Russian president Vladimir Putin was poised to sign laws formally annexing four regions of Ukraine, as his troops lost more territory in those areas and Kyiv decreed that it would never hold peace talks with him.
The upper house of Russia’s parliament unanimously backed the country’s claim to sovereignty over the Donetsk, Luhansk, Kherson and Zaporizhzhia regions of Ukraine, and Mr Putin was expected to complete the process with his signature later on Tuesday.
Yet the annexation breaches international law and has been rejected by Ukraine, western states and top United Nations officials, and ignored by most of Moscow’s few allies, while Russia’s troops are being driven back on what is now supposedly its own territory.
Ukrainian troops posted footage online on Tuesday of the nation’s blue-and-yellow flag being hoisted in Davydiv Brid and other newly liberated villages in Kherson region, most of which has been under Russia’s control since shortly after its full invasion in February.
“Ukrainian marines are confidently advancing towards the Black Sea,” Kyiv’s defence ministry said on Twitter.
Kyiv’s soldiers also retook more villages in Kharkiv province and strengthened their positions around Lyman in the north of Donetsk region, which they liberated during a swift counter-offensive that forced Russian troops into retreat and put some of their supply lines in Donetsk and Luhansk region in jeopardy.
Serhiy Haidai, Ukraine’s governor of Luhansk, said he hoped Ukrainian forces would soon be in a position to try to reclaim Sievierodonetsk and Lysychansk, cities in the region that Russia occupied this summer after weeks of heavy fighting and major destruction.
“Soon we will ask the population of the occupied territories to evacuate from the cities, so they are not injured during the counterattack,” he said on social media.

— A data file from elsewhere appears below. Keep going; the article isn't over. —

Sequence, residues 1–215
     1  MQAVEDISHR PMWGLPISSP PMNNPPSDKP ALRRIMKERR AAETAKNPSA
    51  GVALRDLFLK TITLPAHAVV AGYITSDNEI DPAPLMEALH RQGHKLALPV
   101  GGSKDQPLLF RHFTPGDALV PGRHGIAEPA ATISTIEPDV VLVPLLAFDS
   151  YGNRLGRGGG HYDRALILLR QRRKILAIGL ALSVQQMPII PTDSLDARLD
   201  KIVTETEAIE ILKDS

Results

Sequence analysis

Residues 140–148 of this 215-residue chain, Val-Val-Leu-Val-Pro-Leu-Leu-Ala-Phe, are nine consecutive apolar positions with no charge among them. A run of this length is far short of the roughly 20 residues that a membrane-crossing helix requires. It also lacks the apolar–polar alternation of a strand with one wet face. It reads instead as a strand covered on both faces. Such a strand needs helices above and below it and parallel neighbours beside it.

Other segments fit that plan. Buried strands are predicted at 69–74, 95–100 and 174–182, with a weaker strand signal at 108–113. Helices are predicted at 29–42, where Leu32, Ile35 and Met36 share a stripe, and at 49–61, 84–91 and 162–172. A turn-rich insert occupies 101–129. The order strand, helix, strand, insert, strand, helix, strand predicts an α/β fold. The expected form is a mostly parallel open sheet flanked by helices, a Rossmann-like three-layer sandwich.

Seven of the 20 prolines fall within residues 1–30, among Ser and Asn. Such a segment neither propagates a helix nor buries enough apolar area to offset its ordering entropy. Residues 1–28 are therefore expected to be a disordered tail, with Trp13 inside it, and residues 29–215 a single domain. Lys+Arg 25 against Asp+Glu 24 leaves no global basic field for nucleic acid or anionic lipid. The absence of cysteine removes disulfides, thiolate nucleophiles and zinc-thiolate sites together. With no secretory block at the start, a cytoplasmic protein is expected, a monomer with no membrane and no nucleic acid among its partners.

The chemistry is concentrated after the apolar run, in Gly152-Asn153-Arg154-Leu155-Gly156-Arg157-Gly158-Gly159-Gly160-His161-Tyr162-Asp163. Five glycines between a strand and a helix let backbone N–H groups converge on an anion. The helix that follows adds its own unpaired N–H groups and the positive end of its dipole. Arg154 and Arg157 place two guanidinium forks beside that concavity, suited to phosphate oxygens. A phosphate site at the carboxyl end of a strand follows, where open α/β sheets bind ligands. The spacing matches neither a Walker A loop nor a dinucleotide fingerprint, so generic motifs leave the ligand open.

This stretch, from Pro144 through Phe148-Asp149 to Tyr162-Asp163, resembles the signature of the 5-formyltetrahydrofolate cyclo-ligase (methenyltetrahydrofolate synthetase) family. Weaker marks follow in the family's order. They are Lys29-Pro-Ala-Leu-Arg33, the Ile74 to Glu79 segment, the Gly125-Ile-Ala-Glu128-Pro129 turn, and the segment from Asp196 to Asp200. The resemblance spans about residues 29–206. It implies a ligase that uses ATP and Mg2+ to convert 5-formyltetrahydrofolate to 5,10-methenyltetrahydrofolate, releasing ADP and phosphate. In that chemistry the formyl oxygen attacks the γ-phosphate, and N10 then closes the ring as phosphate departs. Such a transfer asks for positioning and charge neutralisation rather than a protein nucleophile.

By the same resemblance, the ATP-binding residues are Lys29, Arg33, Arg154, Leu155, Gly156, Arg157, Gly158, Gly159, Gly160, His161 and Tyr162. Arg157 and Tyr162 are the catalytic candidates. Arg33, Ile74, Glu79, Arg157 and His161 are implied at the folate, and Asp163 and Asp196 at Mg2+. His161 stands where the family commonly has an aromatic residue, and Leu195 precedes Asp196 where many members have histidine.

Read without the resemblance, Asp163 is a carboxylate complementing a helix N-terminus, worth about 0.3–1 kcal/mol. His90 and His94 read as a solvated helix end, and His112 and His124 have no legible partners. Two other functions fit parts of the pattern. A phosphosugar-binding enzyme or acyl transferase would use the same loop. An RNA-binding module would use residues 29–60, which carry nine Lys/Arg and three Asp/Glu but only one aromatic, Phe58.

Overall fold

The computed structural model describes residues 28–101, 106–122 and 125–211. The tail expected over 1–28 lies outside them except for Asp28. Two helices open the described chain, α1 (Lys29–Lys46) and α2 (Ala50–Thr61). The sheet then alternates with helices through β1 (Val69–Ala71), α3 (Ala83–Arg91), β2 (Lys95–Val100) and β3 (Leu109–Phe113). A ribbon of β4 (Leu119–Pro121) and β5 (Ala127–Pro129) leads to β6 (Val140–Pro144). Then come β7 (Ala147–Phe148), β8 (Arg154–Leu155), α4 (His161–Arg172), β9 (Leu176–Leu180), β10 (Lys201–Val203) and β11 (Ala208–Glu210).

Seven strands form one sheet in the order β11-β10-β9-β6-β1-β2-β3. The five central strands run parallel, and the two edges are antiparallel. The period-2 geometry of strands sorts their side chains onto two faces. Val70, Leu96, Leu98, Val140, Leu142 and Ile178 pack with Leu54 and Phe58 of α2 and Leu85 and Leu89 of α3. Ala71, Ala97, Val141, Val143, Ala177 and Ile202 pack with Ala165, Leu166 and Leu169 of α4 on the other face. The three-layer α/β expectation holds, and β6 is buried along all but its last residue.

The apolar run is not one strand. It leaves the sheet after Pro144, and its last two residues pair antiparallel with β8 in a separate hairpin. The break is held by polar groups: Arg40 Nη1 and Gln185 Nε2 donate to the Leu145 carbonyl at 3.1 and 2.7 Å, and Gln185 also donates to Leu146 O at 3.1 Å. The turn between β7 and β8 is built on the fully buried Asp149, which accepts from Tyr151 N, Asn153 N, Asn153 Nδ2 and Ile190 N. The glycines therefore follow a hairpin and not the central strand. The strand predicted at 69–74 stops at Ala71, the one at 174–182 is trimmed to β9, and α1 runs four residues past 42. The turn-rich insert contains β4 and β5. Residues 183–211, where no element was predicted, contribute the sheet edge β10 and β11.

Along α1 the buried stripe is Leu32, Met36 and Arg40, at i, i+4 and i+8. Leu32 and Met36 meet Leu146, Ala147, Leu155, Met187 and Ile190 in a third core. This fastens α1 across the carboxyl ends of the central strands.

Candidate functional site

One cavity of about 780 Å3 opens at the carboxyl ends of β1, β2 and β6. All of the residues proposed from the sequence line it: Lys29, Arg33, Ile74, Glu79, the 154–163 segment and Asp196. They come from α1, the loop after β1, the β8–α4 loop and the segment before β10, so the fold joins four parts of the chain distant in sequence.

“People will be able to spend the winter only in villages. After deoccupation, people living in cities will not be able to stay for winter ... The centralised heating system cannot be repaired so quickly.”
Moscow appointees in occupied areas acknowledge some of the progress made in recent days by Ukraine’s forces, while insisting that Russia’s military is conducting a controlled withdrawal to pre-prepared positions and inflicting heavy damage on the enemy with artillery fire.
The Kremlin acknowledged on Monday that it was not sure which parts of Kherson and Zaporizhzhia areas it now supposedly possessed, after staged referendums in occupied areas and the signing of annexation documents by Mr Putin on Friday, when he said all of those two regions, and Donetsk and Luhansk, were now Russian territory “forever”.
Ukrainian president Volodymyr Zelenskiy announced immediately after Mr Putin’s annexation ceremony that he was submitting a formal bid for Nato membership under an accelerated process, and said that while Kyiv was open to dialogue with Russia, it would never hold talks with Mr Putin.
He signed a decree on Tuesday that was prepared by Ukraine’s national security and defence council, one clause of which states “the impossibility of conducting negotiations with the president of the Russian Federation V. Putin.”
Kremlin spokesman Dmitry Peskov said Russia would “now wait either until the incumbent Ukrainian president changes his position, or until there is another president in Ukraine who will change his position for the sake of the Ukrainian people.”
Russian defence minister Sergei Shoigu said more than 200,000 of a planned 300,000 people had been drafted into the military since Mr Putin ordered “partial mobilisation” of reservists a fortnight ago — about the same number of Russian citizens who have fled to Kazakhstan during the same period, with tens of thousands of others entering Georgia, Finland and other states to escape conscription.
US president Joe Biden pledged on Tuesday to continue supporting Ukraine “for as long as it takes”.
He said the US would provide a new $625 million security assistance package that included additional weapons and equipment, including Himars rocket launchers, artillery systems and ammunition, and armored vehicles.
President Biden also “affirmed the continued readiness of the United States to impose severe costs on any individual, entity, or country that provides support to Russia’s purported annexation”.